The DOE maintains it has authority to reclassify HLW under an October 2018 Federal Register notice and a 2001 DOE order (Order 435.1). But legal precedent doesn't necessarily work in the DOE's favor. In the last ruling on the matter, the Ninth Circuit District Court in 2004 reiterated its prior determination that the DOE order would “bypass the strictures" of the Nuclear Waste Policy Act to permanently dispose HLW in a repository, as mandated by Congress, and a 1985 determination by then-President Ronald Reagan that a separate repository for defense-level waste was not required.

Unless the Biden administration reverses course, it faces a similarly uncertain legal challenge to the effort by Washington state lawmakers to protect Hanford workers.

State Workers Law

Washington's 2018 worker compensation law allows that for anyone who has worked at least one eight-hour shift at Hanford and has any of a “wide range of illnesses that we know could be linked to tank vapors, such as chronic beryllium or respiratory or neurological diseases, there is an assumption that he or she became ill because of an exposure at work,” the Washington state attorney general's office said in a Sep. 14 statement. Under President Donald Trump, the federal government in December 2018 challenged the state law in the US District Court for the Eastern District of Washington, but in June 2019 it lost the case. Trump’s Department of Justice (DOJ) then appealed to the Ninth Circuit Court, which in August 2020 upheld the earlier court decision. This month, the DOJ, now under Biden, appealed the case to the US Supreme Court.

In response, 66 Washington state lawmakers penned an Oct. 6 letter to Biden, calling the appeal “distressing.” They added that prior to passage of the state law, “residents who suffer from terrible, painful, and debilitating diseases known to be linked to exposure of toxic chemicals were having well-documented difficulties overcoming objections from the federal contractor to access benefits.” Highlighting the breadth of the issue, the state's Department of Commerce conducted a survey of 1,200 Hanford workers to assess just how extensive exposure may have been, both short- and long-term. In a July report, the department reported more “than 57% of all current and former workers reported being in an exposure event. Over 32% of respondents indicated long-term exposure to hazardous materials.”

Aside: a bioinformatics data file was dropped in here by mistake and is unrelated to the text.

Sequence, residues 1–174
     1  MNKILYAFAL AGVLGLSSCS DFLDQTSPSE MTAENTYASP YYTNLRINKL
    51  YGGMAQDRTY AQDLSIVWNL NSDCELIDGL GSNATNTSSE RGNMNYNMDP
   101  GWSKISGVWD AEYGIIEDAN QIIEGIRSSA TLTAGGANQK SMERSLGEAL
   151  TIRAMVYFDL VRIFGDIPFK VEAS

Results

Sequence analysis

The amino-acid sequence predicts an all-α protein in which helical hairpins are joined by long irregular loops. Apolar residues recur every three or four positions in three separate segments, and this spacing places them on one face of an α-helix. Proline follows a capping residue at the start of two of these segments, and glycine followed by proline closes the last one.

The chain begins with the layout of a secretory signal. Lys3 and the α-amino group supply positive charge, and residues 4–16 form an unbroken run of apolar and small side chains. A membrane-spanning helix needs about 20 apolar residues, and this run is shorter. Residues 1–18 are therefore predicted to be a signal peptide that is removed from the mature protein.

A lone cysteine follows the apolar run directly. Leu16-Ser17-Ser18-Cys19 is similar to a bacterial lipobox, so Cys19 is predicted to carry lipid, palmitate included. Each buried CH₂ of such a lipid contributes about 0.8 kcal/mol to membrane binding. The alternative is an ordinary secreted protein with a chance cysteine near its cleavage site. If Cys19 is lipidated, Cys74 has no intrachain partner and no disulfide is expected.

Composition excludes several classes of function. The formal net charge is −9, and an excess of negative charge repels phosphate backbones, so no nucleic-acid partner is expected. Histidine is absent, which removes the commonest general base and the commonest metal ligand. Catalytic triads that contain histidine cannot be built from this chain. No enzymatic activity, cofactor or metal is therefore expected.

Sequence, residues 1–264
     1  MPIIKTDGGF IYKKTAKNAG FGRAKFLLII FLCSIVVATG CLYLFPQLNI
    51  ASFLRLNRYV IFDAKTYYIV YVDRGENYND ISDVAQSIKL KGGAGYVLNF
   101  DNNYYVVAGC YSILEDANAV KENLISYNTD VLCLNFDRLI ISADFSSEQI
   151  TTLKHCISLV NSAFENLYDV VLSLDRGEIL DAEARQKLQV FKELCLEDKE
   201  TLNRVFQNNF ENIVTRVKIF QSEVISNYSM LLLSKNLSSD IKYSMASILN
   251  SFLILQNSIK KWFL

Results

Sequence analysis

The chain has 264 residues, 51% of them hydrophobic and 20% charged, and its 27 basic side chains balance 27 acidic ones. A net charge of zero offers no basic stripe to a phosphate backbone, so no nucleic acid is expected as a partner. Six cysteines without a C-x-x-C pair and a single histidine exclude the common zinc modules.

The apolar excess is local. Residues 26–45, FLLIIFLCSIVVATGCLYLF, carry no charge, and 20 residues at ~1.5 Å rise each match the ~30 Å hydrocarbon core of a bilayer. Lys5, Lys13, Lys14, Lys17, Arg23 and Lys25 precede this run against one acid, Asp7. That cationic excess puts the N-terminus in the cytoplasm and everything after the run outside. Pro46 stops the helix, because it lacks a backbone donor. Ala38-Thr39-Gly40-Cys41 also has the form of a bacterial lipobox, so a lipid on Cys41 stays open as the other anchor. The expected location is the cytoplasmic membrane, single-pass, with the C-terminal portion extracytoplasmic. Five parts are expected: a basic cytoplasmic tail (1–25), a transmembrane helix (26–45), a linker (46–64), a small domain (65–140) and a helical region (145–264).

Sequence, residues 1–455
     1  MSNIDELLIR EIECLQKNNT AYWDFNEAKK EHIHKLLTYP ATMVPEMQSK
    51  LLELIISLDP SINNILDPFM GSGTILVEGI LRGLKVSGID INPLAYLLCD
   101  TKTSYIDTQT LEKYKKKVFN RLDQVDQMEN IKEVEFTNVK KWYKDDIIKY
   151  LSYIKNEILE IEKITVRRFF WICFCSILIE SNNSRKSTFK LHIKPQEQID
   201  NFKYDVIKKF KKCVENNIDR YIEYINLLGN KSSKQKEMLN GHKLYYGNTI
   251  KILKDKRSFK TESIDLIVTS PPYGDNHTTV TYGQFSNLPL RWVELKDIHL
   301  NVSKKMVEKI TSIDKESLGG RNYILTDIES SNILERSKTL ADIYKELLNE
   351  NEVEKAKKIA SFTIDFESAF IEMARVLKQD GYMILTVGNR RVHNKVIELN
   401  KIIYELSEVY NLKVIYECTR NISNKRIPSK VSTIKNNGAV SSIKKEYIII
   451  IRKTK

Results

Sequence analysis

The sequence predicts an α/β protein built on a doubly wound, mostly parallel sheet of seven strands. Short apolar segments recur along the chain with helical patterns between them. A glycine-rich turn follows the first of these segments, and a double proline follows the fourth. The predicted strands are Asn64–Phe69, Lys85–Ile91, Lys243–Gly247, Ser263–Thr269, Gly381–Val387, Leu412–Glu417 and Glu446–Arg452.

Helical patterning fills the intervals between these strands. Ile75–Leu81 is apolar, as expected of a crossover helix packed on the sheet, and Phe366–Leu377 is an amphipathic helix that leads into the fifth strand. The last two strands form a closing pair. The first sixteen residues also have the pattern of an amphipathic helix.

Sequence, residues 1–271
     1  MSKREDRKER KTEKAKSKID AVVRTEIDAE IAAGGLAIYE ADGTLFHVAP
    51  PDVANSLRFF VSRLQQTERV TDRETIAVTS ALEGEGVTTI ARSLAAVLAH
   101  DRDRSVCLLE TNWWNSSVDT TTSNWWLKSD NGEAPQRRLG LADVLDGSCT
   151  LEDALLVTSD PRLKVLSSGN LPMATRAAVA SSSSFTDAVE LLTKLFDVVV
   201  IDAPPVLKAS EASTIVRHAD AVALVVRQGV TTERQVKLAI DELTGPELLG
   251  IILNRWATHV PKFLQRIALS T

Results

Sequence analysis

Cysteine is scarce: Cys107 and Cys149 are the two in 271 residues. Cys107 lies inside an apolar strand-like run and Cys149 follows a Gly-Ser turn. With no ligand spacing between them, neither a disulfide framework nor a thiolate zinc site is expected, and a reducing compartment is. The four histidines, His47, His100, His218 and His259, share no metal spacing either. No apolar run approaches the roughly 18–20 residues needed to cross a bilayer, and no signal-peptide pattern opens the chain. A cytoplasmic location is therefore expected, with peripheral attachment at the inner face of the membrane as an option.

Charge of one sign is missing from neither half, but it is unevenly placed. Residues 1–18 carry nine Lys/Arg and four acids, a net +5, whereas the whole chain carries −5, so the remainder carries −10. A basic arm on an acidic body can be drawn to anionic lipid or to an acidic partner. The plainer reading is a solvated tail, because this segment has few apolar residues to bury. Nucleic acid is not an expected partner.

In its Supreme Court appeal, the DOJ argues that the state law discriminates against the federal government and violates the Supremacy Clause of the US Constitution because it “makes it far easier for current and former Hanford federal contract workers to obtain workers’ compensation benefits” and “exposes their employers — and by extension the US — to massive new costs that similarly situated state and private employers do not incur.” Citing state figures, the DOJ estimates the state law could significantly increase the number and cost of claims "potentially continuing into the 22nd century" with implications the court decisions will "extend well beyond the Hanford site," to other government sites.

But in the 2019 and 2020 court decisions upholding the state law, the courts concluded that federal law allows states to apply their own worker compensation laws to federal facilities “in the same way and to the same extent as if the premises were under the exclusive jurisdiction of the State.” The state also has the presumption of causation since prior to the 2018 law, it expanded workers' compensation qualifications for firefighters, who had a similarly difficult time proving that job-related smoke inhalation, for example, caused respiratory illness to qualify for benefits.